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SEAFWA 2018 has ended
The following schedule is from the 72nd Annual Conference of the Southeastern Association of Fish & Wildlife Agencies which was held October 21-24, 2018 in Mobile, Alabama. 
Tuesday, October 23 • 4:00pm - 4:20pm
SYMPOSIUM-04: Range-wide Status Modeling to Accelerate Conservation of At-Risk Species in the Longleaf System

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AUTHORS: Brian Crawford, Georgia Cooperative Fish & Wildlife Research Unit, Warnell School of Forestry & Natural Resources, University of Georgia; John C. Maerz, Warnell School of Forestry & Natural Resources, University of Georgia; Clinton T. Moore, U.S. Geological Survey, Georgia Cooperative Fish & Wildlife Research Unit, Warnell School of Forestry & Natural Resources, University of Georgia; D. Todd Jones-Farrand, Gulf Coastal Plains & Ozarks Landscape Conservation Cooperative; Mike Harris, U.S. Fish & Wildlife Service, Region 4

ABSTRACT: The U.S. Fish & Wildlife Service is commissioned with reviewing the status of more than 300 wildlife species in the Southeast for potential listing under the Endangered Species Act. The longleaf pine (Pinus palustris) ecological system supports many priority at-risk species designated for review, including five species of herpetofauna: the gopher tortoise (Gopherus polyphemus), gopher frog (Lithobates capito), striped newt (Notophthalmus perstriatus), southern hognose snake (Heterodon simus), and Florida pine snake (Pituophis melanoleucus mugitus). With federal, state, and other partners, we are assessing the statuses of these five at-risk species to inform where and how to invest in conservation resources. This work addresses three objectives: 1) strengthen partnerships with species experts and decision-makers and use their input and data to guide species models, 2) develop comprehensive, range-wide models to predict current and future trends in habitat conditions and species statuses under threat and management scenarios, and 3) develop a structured decision-making framework that identifies optimal decisions for species and other socioeconomic objectives. We discuss progress and challenges in developing species distribution and persistence models, including incorporating expert opinion to mitigate data limitations, reduce uncertainty, and validate model estimates. Research products have begun to identify priority areas based on the distribution of species records, suitable habitat, and land protection status at local, state-wide, and range-wide scales. These results will aid regional partners in implementing effective conservation strategies and inform listing decisions of the U.S. Fish & Wildlife Service.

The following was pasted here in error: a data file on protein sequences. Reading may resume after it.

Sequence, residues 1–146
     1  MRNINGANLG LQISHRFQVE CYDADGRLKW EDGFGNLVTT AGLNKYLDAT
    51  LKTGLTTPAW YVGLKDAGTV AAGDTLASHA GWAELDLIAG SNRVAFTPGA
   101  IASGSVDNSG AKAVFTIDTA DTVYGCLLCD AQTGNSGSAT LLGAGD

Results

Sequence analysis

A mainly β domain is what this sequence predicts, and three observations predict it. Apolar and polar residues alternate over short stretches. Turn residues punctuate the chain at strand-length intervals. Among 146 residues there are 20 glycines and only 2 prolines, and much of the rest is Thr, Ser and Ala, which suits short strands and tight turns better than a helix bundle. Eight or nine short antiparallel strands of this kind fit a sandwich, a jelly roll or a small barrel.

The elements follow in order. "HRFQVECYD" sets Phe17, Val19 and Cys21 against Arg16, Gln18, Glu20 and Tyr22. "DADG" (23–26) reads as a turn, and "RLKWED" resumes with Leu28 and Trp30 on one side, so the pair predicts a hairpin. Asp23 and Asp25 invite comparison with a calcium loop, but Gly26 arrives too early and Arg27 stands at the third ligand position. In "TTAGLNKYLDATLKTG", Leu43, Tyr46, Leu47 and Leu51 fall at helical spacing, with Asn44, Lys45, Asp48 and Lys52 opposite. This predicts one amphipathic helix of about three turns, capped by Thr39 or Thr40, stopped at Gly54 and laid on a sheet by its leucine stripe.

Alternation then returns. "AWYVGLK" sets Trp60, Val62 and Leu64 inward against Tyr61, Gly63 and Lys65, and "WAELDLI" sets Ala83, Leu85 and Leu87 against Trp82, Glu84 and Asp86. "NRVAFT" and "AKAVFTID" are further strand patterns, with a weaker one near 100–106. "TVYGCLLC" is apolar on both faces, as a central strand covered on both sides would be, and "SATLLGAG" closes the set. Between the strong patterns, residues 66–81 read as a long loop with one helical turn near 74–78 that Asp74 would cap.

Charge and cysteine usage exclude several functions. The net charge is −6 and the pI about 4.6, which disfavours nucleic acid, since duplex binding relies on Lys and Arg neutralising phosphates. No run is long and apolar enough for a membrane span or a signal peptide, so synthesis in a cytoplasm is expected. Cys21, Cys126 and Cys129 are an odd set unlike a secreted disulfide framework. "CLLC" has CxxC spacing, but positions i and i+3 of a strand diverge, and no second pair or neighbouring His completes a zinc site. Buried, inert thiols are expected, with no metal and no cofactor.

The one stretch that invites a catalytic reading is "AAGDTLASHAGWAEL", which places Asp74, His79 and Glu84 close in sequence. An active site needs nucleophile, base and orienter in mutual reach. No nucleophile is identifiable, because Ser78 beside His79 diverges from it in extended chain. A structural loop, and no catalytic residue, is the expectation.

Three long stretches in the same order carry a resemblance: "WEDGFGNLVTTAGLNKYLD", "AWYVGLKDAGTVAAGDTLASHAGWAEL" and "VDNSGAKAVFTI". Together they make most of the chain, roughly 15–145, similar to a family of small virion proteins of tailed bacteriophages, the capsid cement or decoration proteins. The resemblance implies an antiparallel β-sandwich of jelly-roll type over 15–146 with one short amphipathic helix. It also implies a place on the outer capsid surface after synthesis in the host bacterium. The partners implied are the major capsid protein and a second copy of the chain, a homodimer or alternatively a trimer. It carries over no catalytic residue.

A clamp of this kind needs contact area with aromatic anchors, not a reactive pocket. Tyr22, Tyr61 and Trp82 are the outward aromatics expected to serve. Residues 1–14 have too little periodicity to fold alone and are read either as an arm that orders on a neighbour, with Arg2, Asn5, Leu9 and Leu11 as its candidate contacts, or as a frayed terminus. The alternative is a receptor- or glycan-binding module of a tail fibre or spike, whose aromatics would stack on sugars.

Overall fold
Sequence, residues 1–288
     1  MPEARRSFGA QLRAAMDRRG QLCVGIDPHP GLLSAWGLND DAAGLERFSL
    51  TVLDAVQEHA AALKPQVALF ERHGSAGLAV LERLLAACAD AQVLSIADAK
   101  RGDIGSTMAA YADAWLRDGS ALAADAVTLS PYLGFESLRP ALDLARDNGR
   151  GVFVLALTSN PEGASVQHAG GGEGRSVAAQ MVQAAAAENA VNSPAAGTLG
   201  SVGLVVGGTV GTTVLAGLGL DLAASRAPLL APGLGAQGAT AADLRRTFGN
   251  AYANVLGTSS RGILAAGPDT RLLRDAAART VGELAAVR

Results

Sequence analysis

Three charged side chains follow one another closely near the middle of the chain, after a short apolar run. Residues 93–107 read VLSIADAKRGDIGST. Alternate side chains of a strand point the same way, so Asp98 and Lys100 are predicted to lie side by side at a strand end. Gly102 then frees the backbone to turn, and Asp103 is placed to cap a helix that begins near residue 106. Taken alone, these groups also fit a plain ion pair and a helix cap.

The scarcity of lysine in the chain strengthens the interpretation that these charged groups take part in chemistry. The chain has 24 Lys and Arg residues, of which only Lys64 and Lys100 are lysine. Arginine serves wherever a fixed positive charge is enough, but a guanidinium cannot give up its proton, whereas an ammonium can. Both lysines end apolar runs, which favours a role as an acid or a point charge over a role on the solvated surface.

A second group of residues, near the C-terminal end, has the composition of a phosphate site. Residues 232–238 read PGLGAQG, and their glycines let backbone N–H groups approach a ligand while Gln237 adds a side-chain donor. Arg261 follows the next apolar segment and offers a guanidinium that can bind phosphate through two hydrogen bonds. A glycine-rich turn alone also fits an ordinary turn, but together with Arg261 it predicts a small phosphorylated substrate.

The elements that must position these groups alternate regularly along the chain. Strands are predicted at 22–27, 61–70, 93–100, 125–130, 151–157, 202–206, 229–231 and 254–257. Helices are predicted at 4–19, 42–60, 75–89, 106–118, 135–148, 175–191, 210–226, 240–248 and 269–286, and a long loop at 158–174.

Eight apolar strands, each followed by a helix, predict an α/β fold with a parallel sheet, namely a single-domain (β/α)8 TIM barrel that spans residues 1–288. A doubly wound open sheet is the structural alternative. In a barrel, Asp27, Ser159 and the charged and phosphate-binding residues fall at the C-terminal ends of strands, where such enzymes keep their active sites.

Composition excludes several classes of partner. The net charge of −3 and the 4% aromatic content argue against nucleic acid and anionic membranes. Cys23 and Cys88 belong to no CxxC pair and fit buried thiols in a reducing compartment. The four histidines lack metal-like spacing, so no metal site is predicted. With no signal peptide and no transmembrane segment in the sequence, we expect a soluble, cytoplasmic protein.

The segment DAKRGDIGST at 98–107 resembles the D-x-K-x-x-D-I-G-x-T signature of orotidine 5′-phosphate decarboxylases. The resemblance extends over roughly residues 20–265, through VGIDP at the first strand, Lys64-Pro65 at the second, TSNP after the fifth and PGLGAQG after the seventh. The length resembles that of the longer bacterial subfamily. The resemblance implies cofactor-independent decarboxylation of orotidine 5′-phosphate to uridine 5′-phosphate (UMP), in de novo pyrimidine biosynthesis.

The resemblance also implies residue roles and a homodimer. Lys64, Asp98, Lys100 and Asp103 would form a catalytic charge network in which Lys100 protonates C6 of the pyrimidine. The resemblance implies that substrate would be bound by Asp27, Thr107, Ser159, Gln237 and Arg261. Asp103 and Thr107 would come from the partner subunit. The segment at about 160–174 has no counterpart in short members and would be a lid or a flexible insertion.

Tuesday October 23, 2018 4:00pm - 4:20pm
Grand Bay I

Attendees (6)